Who broke the U.S. Attorney scandal that is now fascinating political Washington? According to the Columbia Journalism Review, bloggers.
Memo to Tim Russert. When sources talk to you the default is that your conversation is on the record. Only stenographers turn the default to off.
This is not a partisan point. Conservative bloggers got credit for Rathergate, a scandal involving former CBS anchor Dan Rather that helped propel President Bush's re-election in 2004.
The fact that all these stories were broken and pursued by political partisans is an important point. It's one the "mainstream media" uses to dismiss such reports, but the criticism does not disguise the fact that these partisans can scoop paid reporters and, eventually, win apologies.
Programmers work hard, often without pay, to code or provide support on open source projects, for similar reasons. Belief is a powerful motivator in open source, and many companies now license commercial programs under the GPL to tap into that belief.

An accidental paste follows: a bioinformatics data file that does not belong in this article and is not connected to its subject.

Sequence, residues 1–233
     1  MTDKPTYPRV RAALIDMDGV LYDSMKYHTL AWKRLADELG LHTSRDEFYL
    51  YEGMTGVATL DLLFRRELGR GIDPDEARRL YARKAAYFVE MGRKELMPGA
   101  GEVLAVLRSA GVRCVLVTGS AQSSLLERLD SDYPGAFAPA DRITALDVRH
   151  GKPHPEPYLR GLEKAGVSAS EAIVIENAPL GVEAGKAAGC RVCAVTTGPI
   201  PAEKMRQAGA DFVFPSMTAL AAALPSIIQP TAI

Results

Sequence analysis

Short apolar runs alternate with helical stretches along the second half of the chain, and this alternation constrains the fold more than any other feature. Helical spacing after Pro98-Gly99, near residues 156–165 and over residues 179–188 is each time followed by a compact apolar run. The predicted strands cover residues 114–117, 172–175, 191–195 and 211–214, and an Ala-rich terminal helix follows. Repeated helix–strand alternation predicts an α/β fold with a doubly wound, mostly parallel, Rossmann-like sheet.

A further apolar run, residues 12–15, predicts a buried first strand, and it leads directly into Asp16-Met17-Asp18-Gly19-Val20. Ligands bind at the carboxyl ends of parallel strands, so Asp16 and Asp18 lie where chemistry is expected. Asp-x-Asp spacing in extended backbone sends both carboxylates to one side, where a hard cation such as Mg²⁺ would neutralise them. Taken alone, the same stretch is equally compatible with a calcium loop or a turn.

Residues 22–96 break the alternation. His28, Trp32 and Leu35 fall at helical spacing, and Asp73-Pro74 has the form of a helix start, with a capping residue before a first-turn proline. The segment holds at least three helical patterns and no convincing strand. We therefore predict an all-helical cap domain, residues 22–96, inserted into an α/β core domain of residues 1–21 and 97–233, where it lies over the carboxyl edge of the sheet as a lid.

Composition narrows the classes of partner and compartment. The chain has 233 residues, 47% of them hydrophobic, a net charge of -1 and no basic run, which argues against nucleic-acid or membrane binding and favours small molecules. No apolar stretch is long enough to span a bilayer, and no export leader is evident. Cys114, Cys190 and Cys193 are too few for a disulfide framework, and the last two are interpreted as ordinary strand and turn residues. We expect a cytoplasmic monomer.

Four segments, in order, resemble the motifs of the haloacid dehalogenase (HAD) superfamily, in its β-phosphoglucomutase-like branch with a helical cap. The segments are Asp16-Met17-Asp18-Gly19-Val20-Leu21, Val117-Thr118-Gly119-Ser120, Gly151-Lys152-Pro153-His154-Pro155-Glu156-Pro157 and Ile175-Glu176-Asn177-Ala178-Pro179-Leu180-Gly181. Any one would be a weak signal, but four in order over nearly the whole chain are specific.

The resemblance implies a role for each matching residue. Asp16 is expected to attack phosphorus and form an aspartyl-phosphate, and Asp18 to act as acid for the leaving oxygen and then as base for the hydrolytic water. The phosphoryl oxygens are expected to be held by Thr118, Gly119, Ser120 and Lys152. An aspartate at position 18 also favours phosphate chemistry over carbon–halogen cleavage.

If tapping into non-economic motivations is OK in software, why can't it be OK in journalism?
The whole idea of a non-partisan, professional, detached media is a mid-20th century invention, created by funds from press lords like Joseph Pulitzer and the heirs of Joseph Medill who themselves had firm ideological biases, and who often used their papers on behalf of them. Their names now adorn America's two best journalism schools. I went to Medill's.
Today's open source journalism takes us back over a century, to an era when journalism was indeed politics by another name, and where readers voted for truth with their pennies. Once again it's the market, measured in dollars and profit, that will judge.